Usain Bolt is the world record holder of the 100m and 200m sprint. Power is about explosive movement. Like strength, power is about shifting large weight, but here the balance is not just about how much you can move, but also how fast you can move it. Similar to weightlifting, a barbell is the fundamental equipment used in powerlifting. Unlike weightlifting, where the movements are a straightforward singular motion, powerlifts usually have multiple component parts e.g. a clean and press lift is where a barbell laden with weight plates is ‘cleaned’ from a stationary position on the ground up to the lifter’s shoulders; from here the barbell is ‘pressed’ into the air above the lifter’s head. Fast, explosive movements are required to give momentum to power exercises.
An exercise to train for Power will limit distance of travel (perhaps the length of a sports field for football or rugby, or else travel no further than a few hundred metres), and focus on maximising some combination of weight and speed. For example, a power exercise could be, “What’s the fastest you can run 100m?” An alernative with a weight optimisation could be, “What’s the heaviest weight you can power snatch?”
The first thing to give out in a test of power are the body’s lungs: you will ask the body to maintain a level of activity that demands more oxygen in the blood than you’re capable of maintaining.
Chris Froome is a road cyclist, and four time winner of the Tour de France, as well as winner of Giro d’Italia, and the Vuelta a España. Endurance, synonymous with stamina, is about how long or far can you work at a level below your maximum capabilities. If strength exercises are all over in less than a minute, power exercises over in a minute or two, endurance exercises go on for hours. Indeed, this is the skill in the animal kingdom where humans excel above all others. Whereas humans are pitiful contestants in feats of strength compared with other primates like gorillas, or displays of power compared to big cats like lions, humans can travel distances that no other land animal can.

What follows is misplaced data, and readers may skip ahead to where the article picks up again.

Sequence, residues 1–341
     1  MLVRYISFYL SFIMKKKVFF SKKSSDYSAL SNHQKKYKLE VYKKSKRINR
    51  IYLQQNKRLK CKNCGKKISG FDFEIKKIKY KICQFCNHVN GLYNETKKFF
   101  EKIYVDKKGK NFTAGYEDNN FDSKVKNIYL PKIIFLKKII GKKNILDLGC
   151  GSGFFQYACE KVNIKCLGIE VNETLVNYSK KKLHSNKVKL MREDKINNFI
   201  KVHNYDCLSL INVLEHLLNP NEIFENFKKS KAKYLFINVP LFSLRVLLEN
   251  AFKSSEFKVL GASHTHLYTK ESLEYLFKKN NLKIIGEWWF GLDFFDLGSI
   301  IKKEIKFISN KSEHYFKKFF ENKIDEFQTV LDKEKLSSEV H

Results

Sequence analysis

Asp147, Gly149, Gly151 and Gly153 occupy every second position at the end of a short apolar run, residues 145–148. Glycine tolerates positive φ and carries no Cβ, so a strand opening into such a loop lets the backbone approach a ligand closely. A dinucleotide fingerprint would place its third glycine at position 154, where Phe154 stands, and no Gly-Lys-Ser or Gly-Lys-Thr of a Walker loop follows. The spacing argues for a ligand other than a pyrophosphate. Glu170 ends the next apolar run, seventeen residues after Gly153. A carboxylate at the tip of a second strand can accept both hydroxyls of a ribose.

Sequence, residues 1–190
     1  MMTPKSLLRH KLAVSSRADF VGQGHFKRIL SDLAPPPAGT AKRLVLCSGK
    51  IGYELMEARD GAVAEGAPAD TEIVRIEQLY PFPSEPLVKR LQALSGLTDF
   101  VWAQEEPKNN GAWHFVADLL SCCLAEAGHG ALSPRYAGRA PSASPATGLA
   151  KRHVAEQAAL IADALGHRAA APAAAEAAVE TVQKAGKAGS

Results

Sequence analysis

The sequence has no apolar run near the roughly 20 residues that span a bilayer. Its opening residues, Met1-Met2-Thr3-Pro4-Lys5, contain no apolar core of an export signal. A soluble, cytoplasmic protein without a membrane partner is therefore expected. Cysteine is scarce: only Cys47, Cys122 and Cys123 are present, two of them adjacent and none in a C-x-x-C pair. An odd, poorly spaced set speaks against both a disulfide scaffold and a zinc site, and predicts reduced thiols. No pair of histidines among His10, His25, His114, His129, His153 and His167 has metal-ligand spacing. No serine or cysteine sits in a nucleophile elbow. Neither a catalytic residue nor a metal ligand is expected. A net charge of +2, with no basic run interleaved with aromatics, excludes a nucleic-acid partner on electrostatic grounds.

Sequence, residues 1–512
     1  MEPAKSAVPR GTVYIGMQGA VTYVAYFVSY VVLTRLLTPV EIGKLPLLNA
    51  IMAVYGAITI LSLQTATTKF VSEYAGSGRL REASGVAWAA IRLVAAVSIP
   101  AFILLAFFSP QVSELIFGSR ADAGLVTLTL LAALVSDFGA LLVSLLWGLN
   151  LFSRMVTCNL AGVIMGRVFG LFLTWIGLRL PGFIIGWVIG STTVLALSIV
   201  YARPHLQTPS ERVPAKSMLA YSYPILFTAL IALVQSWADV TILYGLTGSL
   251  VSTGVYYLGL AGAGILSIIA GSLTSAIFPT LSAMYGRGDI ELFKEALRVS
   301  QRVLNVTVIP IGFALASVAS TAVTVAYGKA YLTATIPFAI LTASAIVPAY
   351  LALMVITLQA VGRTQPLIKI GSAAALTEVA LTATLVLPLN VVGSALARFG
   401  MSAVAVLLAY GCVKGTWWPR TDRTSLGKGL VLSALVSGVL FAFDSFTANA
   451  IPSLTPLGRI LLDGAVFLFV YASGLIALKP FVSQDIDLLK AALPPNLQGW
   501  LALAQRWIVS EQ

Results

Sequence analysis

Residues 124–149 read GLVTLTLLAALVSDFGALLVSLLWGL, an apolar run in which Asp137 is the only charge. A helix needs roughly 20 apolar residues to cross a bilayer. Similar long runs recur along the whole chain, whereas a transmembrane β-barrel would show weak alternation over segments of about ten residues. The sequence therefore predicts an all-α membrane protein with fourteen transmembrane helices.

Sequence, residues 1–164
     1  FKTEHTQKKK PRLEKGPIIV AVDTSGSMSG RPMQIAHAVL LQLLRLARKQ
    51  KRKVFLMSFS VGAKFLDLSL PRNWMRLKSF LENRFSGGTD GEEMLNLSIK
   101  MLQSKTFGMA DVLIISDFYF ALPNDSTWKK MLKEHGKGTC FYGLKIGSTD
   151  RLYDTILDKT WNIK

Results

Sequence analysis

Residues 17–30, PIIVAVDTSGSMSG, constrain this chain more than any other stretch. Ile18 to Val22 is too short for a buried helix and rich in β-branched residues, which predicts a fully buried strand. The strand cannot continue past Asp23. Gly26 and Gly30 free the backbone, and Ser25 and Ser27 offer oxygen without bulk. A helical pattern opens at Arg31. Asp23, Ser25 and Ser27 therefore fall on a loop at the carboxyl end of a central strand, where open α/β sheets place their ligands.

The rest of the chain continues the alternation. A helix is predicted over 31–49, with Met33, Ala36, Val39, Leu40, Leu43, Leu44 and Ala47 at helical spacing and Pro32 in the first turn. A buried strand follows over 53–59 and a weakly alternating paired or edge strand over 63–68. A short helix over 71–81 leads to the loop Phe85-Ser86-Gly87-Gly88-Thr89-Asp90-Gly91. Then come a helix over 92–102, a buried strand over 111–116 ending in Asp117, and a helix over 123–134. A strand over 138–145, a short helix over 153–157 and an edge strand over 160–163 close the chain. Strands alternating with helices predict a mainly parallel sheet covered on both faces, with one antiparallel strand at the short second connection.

An exercise to train for Endurance will usually have no, or little, weight element to it, but will most likely set a target distance to achieve that will take several hours to complete. In addition to the famous road cycling competitions above, there are 10ks, marathons, and ironman races.
The first thing to give out in a test of endurance is the body’s fuel store: you will ask the body to do something when you’re “running on fumes”. An honourable mention must also go to mentally giving up. This could be the reason the human body accepts defeat for any of the above exercises but it’s particularly acute with regard to endurance exercises given how long they, quite literally, endure for.
Fitness types and training
Training will make you fit. Training is structured exercise. How you exercise will optimise you toward a certain type of fitness. Or, without conscious thought, you could train for different types of fitness and achieve none of them i.e. you cannot maximise your ability to deadlift at the same time as preparing to run a marathon. Becoming fit will need you to consider how you exercise, and create a training programme that works toward achieving a valid fitness outcome somewhere on the strength-power-endurance spectrum. Now you understand the different types of fitness, we’ll next look at how the body has an engine primed for each of these fitness types, and we can change what that engine is capable of.